Abstract: Poster Presentations |

Eight-Year Experience with Bronchioloalveolar Carcinoma FREE TO VIEW

Raed A. Hamed, MBBS*; Damanpaul Sondhi, MBBS; Gonzalo Gianella, MD; Michael Lippmann, MD
Author and Funding Information

Albert Einstein Medical Center, Philadelphia, PA


Chest. 2004;126(4_MeetingAbstracts):851S. doi:10.1378/chest.126.4_MeetingAbstracts.851S-a
Text Size: A A A
Published online


PURPOSE:  Bronchioloalveolar carcinoma (BAC) has nonspecific clinical and roentgenographic presentations. We reviewed clinical manifestations, radiographic presentations, staging, treatments and survival of BAC.

METHODS:  The records of forty patients (pts.) diagnosed with BAC from January 1995 to June 2003 were reviewed for demographic data, smoking history, symptoms, radiographic presentations, diagnosis, staging, treatment and survival.

RESULTS:  The mean age was 67.5 years, 62.5% were females. 75% were smokers. 45%were asymptomatic.(Table 1Clinical and Radiographic PresentationsPercentDyspnea30%Cough27.5%Hemoptysis12.5%Weight Loss12.5%Chest pain5%Non-resolving Pneumonia5%Bronchorrgea2.5%Fever2.5%Solitary Nodule/Mass65%Air bronchogram32.5%Multiple nodules22.5%Pneumonic consolidation12.5%Diffuse interstitial infiltrate5%Cavitary Mass7.5%Atelectasis2.5%Pleurale effusion2.5%Summarizes clinical and radiographic presentations). Preoperative staging showed: 30% stage I, 5% Stage II, 20% stage III and 42.5%stage IV. One pt. was lost to follow up before staging and treatment was initiated. 52.5% were treated surgically (stage I, II&IIIA), 50% underwent lobectomy, one patient had pneumonectomy. The 7 pts with stage IIIA received postoperative radiation (3 pts.) and postoperative radiation and chemotherapy(4 pts), the one pt with stage IIIB received radiation. The 17 pts with stage IV received chemotherapy (6 pts.), radiation (6 pts.), and both chemotherapy and radiation(5 pts). The overall one and two-year survival was 70%&47% respectively (median survival was 22 months). The one and two-year survival for stage I&II was 100%&84% respectively, it was 54%&26% for stage III&IV. The median survival for stage III&IV was 13 months. The overall one, two and three-year survival in pts whom tumor was completely resected was 86%, 64%&47% respectively (median survival was 32 months) it was 43%, 18%&9% respectively for pts who received palliative treatment (median survival was 5 months). The one and two-year survival were higher in asymptomatic than in symptomatic pts (94%&75% vs. 50%&23% respectively), and were higher in females than in males (78%&60% vs. 57%&12% respectively).(Figure 1shows Kaplan-Maier survival curve for pts with stage 1&II vs. III&IV).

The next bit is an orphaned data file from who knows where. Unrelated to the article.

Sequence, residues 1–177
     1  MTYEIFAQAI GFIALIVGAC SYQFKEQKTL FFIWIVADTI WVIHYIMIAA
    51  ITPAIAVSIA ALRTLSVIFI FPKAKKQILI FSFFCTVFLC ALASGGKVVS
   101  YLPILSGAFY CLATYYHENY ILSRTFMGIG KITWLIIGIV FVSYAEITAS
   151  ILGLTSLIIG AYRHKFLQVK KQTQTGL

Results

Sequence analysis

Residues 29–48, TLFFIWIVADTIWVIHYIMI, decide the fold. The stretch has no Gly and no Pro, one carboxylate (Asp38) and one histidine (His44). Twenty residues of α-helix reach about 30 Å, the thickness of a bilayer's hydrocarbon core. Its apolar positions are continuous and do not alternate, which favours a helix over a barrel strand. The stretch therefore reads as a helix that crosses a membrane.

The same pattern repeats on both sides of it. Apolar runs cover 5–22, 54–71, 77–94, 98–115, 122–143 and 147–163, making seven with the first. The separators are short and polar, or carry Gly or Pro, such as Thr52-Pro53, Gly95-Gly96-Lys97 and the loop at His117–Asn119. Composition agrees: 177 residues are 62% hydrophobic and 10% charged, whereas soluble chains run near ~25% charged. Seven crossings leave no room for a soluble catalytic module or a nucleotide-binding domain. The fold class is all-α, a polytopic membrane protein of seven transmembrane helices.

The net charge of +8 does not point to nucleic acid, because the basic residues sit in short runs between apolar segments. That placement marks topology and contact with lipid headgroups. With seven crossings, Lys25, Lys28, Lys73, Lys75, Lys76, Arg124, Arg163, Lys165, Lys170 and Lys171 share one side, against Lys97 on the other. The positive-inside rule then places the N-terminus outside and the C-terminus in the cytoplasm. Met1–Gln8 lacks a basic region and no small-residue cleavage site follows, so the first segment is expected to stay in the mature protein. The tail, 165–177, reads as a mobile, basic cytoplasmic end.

CONCLUSION:  The majority of patients have significant smoking history. females represented the majority of our patients. Most patients presented with a solitary mass. Bronchorrhea and air- bronchogram are specific for BAC.The staging, treatment and prognosis of BAC are similar to those with NSCLC.

CLINICAL IMPLICATIONS:  BAC has nonspecific clinical and radiographic presentations.

DISCLOSURE:  R.A. Hamed, None.

Wednesday, October 27, 2004

12:30 PM- 2:00 PM




Citing articles are presented as examples only. In non-demo SCM6 implementation, integration with CrossRef’s "Cited By" API will populate this tab (http://www.crossref.org/citedby.html).

Some tools below are only available to our subscribers or users with an online account.

Related Content

Customize your page view by dragging & repositioning the boxes below.

CHEST Journal Articles
PubMed Articles
  • CHEST Journal
    Print ISSN: 0012-3692
    Online ISSN: 1931-3543